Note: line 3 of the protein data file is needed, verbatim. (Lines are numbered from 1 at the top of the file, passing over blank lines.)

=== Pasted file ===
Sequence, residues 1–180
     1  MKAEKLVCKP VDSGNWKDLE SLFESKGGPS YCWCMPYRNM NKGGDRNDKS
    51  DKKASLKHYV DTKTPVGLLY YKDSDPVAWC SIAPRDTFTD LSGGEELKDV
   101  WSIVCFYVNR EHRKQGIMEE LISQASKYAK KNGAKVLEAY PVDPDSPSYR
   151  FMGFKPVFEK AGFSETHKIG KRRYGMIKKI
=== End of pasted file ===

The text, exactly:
    51  DKKASLKHYV DTKTPVGLLY YKDSDPVAWC SIAPRDTFTD LSGGEELKDV